Over the past two decades we have seen a major shift in working patterns and models at organisations around the world. Intertwined—driven by those workforce changes as well as enabling them—we have also seen a complete rearchitecting of the IT systems that underpin our corporations. Both of these change agents have driven spiralling network costs in the name of maintaining and improving the performance of the essential applications for hybrid workforces.
Let’s be explicit about the changes to which we are alluding.
Firstly, software-as-a-service (SaaS) applications now completely dominate the digital stack for businesses of all sizes, a change driven by vendors removing support for native on-premise applications in favour of cloud delivered services. And it isn’t just the applications that pivoted to an on demand service model. Platform-as-a-service (PaaS) and infrastructure-as-a-service (IaaS) are both considered the “new” norm for data centre requirements. Like SaaS, these services have enabled businesses to migrate workloads away from private IT architectures sitting in corporate data centres to a pay-as-you-go platform for cloud compute, storage, and network virtualisation.
Alongside these tech changes we have witnessed wider changes in workforce behaviours, the principal of which has been the rise of hybrid work.
In short, our apps are no longer residing in easily ring-fenced data environments and our employees who are accessing these apps are no longer working from predictable “known” locations. So where does this leave our existing corporate wide area networks? Is it time to reassess their relevance for today’s data connectivity?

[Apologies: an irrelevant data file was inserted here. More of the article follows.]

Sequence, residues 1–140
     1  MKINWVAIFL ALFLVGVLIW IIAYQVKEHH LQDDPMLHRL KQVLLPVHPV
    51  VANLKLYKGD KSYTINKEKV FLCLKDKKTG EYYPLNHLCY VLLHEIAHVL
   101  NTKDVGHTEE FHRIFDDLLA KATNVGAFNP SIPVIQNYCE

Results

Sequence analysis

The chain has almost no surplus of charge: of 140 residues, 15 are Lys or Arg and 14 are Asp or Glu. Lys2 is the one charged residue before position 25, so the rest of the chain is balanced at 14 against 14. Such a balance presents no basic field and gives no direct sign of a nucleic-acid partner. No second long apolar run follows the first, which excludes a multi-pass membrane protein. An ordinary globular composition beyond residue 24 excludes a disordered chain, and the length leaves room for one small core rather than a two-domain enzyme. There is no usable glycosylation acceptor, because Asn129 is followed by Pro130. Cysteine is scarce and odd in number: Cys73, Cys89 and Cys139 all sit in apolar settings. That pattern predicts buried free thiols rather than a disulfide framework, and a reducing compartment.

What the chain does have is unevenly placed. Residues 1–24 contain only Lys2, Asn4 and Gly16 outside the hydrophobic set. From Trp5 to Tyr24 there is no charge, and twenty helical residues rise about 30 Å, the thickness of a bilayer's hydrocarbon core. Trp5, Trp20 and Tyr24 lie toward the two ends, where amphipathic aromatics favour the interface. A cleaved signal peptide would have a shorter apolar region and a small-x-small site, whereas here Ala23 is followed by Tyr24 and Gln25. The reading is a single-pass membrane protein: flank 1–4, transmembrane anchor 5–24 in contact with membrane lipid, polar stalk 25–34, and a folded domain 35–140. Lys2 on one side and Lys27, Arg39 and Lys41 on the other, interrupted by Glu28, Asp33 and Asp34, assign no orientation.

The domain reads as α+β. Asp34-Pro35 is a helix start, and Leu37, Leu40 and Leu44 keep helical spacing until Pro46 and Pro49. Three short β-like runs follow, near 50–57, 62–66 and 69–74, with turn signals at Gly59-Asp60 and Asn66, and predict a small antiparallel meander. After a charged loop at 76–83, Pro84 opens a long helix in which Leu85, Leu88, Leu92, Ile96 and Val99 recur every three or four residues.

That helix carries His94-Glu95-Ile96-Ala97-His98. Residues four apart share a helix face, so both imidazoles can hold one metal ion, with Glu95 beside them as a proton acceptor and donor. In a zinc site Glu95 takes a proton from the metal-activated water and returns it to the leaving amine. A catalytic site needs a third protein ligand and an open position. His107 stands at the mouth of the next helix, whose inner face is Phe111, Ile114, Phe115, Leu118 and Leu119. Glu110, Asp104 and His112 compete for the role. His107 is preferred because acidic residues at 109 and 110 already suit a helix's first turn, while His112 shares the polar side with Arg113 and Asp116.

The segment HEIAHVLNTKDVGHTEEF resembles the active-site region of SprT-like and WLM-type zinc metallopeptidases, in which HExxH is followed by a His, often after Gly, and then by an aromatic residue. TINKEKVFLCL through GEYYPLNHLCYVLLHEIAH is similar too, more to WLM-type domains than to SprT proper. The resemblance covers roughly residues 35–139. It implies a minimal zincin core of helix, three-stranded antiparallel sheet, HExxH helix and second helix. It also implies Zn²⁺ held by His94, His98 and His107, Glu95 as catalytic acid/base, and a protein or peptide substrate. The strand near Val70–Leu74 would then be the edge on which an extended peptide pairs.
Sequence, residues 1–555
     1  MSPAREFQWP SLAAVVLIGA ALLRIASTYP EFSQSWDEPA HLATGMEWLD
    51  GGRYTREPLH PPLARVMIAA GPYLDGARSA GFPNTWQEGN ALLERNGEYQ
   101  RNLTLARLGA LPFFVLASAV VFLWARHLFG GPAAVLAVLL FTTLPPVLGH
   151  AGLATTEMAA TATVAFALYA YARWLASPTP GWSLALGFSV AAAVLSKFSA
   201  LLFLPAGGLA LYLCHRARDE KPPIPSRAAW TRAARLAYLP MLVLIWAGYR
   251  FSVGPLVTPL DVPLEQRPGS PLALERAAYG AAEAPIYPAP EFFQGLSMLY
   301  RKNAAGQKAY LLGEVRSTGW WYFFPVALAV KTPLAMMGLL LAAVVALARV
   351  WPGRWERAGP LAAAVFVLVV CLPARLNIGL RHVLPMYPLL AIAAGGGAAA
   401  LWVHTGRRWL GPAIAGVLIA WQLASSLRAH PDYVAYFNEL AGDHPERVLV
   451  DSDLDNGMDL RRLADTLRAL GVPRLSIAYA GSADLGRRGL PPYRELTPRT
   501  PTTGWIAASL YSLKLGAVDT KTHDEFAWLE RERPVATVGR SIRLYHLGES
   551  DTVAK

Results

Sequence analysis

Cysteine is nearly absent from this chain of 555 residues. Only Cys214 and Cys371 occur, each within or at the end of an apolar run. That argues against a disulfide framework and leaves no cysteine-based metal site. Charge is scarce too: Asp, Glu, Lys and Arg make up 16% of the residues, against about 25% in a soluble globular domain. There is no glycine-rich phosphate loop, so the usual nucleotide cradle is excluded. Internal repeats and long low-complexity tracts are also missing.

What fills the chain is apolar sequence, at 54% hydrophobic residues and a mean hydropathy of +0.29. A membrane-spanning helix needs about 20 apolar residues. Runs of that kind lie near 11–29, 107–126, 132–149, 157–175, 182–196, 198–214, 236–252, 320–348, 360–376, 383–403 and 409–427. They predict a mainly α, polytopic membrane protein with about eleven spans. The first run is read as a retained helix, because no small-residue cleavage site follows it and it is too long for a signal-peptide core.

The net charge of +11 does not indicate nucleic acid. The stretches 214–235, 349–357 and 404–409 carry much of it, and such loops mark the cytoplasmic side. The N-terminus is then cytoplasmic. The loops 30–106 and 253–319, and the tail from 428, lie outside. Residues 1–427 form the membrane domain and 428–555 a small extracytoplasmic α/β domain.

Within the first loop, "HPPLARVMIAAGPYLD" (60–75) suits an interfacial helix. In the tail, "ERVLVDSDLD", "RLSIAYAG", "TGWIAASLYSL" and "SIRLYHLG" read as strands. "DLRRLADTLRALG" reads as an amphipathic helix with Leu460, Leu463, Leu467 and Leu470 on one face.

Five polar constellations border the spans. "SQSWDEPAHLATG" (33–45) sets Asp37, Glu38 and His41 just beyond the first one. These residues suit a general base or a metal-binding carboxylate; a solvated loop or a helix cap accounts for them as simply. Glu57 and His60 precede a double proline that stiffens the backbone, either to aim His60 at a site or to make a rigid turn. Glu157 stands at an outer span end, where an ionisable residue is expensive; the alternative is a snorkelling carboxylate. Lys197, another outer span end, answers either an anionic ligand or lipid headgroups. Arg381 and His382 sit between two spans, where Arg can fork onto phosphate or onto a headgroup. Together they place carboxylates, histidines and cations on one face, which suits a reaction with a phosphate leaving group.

These dual transformations (tech and user) are huge, and with both of these in mind, it is important for organisations to re-evaluate their reliance on traditional network architectures for optimised application performance. Why?
- Commodity networks (home broadband, 5G) are now considered “good enough” for the vast majority of users. With some notable exceptions, we no longer need to plough money into hugely fat pipes connecting users to resources, but for many organisations these pipes between corporate locations are still being funded and, in some cases, sitting empty. Gartner predicts that by 2026, 45% of enterprise locations will use only internet services for their WAN connectivity1. We need to build enterprise infrastructures that enable a positive user experience and a secure connection, using ubiquitous and cost effective WAN connections.